Brooklyn is excited. We are finalizing plans for our trip to Ohio for Cousin's Week (where Daddy and I will deposit her at Aunt Peggy's house and "get out of Dodge" with Kensi as fast as possible) and our journey through Gettysburg to Washington DC. All she can talk about is that she wants to pack her swimsuit because she "hopes" that she'll be able to swim each day. When I picked her up from child care after school yesterday, she showed me an American flag that she had drawn on paper and then ripped out (around the flag.) She excitedly told me that she was going to make a whole bunch of her paper flags and take them with her to Aunt Peggy's so that all of the kids could have one. (We'll be there on the Fourth of July, and she is equally excited about celebrating the USA and all things American.) She is excited about seeing her cousin Stella. She told us, "I haven't seen her in FOREVER!" (It was this past January, at RJs wedding.) She was less excited about seeing her cousin Bobby, but I think that's because she doesn't remember him as well as Stella. She is excited about the travel plans I am making and things I am talking about with Daddy, even though she won't be there. She is excited about the possibility of swim lessons (because she will be swimming at Aunt Peggy's house.) Can you tell there is a theme here? In this 5 year old's world, at this particular time, everything is revolving around a trip to Aunt Peggy's house.
But first, some work must be done. Those last few weeks of school have to be slogged through, cubbies cleaned and lunch boxes retired. She has to finish school. Only a few more weeks and they seem to be flying by. It occurred to me just yesterday that there is no school this Friday and that's one less day of school left. We are finishing the last month of homework and trying to make sure all of her "i"s are dotted and all of her "t"s are crossed.
This week is Teacher Appreciation Week, and boy, do we appreciate our teachers. Brooklyn was excited about giving her Teacher and the counselors at Child Care their little tokens of appreciation today. She wanted to help me carry in the bags. (She even had to make sure as we were walking up the sidewalk to the school, "Mommy, is it Teacher Appreciation Week?")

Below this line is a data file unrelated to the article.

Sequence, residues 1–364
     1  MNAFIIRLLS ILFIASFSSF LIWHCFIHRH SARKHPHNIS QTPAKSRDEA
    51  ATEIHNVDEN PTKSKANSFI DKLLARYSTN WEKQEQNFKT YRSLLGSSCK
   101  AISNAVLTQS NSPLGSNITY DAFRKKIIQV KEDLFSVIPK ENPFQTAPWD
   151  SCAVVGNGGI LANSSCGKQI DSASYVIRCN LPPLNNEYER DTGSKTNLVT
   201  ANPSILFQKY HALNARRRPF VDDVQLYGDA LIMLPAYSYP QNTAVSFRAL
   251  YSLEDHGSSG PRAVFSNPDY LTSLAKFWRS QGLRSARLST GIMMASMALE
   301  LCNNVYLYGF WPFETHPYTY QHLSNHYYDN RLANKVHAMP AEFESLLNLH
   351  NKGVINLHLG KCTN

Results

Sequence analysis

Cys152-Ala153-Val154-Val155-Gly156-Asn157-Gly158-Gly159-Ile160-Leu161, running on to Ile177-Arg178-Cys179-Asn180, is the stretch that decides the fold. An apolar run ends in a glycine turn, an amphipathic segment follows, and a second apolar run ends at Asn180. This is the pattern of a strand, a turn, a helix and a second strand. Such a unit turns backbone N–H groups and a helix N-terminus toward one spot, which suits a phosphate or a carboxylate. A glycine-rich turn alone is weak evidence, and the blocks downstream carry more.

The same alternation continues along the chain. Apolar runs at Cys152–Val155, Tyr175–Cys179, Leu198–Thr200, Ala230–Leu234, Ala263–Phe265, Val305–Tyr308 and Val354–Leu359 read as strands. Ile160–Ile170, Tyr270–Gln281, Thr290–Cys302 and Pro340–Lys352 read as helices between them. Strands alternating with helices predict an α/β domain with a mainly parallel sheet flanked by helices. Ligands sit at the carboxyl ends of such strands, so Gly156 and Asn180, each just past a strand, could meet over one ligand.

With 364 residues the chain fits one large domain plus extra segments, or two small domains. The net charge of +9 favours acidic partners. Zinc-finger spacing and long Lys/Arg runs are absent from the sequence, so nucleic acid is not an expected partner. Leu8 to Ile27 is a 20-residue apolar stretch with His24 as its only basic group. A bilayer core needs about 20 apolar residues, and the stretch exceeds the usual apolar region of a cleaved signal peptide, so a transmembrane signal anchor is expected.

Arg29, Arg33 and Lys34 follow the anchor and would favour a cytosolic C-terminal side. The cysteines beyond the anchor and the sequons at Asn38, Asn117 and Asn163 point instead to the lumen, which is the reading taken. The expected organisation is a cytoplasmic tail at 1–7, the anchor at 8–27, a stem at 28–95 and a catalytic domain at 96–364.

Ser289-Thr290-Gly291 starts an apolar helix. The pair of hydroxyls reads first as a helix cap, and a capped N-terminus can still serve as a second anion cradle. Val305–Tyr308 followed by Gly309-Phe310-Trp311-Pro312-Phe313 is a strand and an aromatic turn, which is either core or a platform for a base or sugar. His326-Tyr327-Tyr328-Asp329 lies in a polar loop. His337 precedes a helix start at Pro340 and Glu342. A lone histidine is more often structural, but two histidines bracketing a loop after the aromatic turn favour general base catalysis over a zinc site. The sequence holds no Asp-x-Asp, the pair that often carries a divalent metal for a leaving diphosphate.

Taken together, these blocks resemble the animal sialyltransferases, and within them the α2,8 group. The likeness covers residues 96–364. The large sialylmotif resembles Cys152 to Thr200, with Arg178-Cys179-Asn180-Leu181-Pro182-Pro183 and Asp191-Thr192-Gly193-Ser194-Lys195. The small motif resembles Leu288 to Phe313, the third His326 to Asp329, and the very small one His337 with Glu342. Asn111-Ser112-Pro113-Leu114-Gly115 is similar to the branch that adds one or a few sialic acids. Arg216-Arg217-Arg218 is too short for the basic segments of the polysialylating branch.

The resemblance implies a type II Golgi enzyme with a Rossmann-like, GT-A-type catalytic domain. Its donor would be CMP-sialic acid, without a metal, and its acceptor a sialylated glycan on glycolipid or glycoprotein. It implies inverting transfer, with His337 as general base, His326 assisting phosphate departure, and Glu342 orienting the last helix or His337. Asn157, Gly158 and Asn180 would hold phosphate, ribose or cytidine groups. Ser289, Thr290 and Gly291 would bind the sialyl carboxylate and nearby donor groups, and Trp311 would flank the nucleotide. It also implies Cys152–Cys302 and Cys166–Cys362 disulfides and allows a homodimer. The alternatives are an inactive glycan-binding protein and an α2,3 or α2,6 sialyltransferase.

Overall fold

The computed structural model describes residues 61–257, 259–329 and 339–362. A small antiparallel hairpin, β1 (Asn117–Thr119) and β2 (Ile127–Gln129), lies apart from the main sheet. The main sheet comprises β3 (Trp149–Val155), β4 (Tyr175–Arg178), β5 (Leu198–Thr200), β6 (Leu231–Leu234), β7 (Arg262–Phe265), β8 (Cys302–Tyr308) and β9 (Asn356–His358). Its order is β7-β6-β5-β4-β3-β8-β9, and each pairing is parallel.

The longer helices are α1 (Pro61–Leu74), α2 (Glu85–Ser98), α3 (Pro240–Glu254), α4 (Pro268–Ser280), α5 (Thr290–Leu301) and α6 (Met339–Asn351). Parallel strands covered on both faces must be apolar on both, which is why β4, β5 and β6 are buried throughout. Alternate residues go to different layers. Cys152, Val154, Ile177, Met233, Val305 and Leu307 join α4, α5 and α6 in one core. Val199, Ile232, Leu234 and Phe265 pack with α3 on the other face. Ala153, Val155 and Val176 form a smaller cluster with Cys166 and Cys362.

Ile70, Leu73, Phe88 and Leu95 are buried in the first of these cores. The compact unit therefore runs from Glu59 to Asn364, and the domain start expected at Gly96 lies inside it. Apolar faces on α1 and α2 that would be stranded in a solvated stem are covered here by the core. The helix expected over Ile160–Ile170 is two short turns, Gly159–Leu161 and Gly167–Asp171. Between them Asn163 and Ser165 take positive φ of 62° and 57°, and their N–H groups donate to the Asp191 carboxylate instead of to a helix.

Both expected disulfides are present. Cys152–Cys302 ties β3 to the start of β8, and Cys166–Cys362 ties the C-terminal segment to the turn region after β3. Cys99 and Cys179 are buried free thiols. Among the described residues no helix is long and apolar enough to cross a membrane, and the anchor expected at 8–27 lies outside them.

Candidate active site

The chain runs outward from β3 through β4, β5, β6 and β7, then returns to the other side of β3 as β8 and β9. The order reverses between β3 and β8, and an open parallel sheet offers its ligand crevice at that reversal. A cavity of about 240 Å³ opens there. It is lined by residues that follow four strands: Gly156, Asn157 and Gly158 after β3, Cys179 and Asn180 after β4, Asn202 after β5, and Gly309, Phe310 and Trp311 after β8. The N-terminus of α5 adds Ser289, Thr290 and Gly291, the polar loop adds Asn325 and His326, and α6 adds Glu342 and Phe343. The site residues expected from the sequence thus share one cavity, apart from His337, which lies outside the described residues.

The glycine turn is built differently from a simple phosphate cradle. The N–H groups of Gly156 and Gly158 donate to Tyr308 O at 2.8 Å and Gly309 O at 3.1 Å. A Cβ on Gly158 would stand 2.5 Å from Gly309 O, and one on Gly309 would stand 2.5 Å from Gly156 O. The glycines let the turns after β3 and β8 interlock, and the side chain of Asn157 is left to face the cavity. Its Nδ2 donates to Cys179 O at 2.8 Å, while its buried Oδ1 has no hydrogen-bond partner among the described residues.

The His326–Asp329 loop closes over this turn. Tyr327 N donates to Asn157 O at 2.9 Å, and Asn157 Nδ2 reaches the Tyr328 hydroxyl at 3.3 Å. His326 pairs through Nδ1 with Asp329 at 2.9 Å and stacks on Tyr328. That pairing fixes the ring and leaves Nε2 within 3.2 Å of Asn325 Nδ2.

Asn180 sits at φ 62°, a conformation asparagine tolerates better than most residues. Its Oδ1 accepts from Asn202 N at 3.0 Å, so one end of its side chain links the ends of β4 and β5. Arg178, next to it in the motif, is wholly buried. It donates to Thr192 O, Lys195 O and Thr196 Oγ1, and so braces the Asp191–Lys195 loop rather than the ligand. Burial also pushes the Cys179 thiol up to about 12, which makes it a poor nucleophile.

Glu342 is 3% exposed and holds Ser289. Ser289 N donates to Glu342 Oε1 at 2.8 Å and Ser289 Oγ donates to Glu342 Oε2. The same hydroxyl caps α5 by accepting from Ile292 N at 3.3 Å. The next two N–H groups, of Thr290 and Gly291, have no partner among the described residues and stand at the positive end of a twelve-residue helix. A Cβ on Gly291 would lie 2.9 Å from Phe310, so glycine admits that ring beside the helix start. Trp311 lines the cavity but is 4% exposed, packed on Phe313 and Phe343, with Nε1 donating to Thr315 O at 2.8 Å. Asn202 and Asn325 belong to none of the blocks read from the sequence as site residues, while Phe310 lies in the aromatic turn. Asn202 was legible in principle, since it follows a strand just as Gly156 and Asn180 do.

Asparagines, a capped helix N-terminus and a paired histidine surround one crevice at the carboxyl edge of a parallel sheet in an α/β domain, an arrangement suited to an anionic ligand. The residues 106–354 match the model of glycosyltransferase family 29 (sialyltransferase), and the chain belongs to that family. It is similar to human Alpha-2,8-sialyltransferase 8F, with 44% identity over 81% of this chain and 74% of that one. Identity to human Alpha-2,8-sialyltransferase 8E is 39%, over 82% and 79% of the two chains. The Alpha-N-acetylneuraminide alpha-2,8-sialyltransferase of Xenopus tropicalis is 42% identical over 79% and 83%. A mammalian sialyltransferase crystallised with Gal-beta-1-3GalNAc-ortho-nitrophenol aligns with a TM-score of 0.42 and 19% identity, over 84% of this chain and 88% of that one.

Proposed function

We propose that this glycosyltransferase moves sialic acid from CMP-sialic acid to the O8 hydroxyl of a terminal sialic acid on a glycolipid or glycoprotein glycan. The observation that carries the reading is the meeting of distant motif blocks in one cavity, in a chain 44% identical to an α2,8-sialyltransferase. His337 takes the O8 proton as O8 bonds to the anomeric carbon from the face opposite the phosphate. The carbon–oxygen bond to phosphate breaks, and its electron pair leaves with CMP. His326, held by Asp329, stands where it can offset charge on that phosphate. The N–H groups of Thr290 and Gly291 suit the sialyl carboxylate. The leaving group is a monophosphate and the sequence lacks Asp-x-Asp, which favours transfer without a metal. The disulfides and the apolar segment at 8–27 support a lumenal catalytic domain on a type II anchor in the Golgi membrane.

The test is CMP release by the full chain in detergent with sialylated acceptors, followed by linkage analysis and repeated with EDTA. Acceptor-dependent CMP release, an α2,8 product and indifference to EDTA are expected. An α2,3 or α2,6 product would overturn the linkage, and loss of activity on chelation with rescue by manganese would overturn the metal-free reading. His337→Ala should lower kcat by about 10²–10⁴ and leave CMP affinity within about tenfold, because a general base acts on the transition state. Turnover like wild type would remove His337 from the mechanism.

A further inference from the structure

Somewhere along the way in the last ten months, my little girl has grown up a bit. I wonder what happened, when I blinked and missed her growing up just a little more. She's only 5 and in the grand scheme of things, that's young. There's so much of her life left to go, and yet, at the same time, she's so grown up. She helps to set the table and clean up after dinner, she helps to take care of her sister (but won't change diapers) and she reads. Alot. Don't get me wrong, we still struggle. Last night, she brought a bag of dirt home from school and then thought it might be a good idea to open that bag on the living room floor and then pour water on it. (Of course, it was all explained to me as an "accident.") Believe me, we still have the tantrums and the fights, the stomping feet and the crying. But at the same time, when I tuck her in at night or when I sneak a peek at her sleeping before I go to bed, she looks so big, so tall in her "big girl bed" surrounded by Mr. Bear and Gymbo and all of those friends.
Sometimes I don't think I'm old enough to have a kindergartener. Sometimes I don't think I'm responsible enough to have 2 kids and sometimes I still see myself as a kid. Now I must face the realization that I have a first grader. Yikes! As kindergarten fades into the distance, so too will "nap time" and "circle time" and "centers." In their place will be math and geography and sitting at her own desk all day. Thank goodness she'll still have recess!
I guess it is one of the blessings (and a curse) of being a parent. Before kids, my life might have cycled on my birthday or on an anniversary, measuring time by how close I was to that day or how much time had passed since a date. With school-age kids, time is now measured in school years. I have a kindergartener for another few weeks. Then it is summer break and after that, 1st grade. Summer won't be measured by trips to the pool or plants growing in the backyard - it will be measured by how many weeks of camp are left or how many weeks until school starts. I no longer age in 12 month cycles, I age in school year cycles, marked by what grade my child is in. If I was worried about losing my identity when I first had kids, there is no question it is gone once Brooklyn started school. I am now firmly entrenched in life as "Brooklyn's Mommy"
Then again, she is only 5. She knows the school year is coming to an end, but for now she's not thinking of how much she has learned this year or who she will have for a teacher in the fall or even what she's doing for summer camp. For her, it's all about Aunt Peggy's house.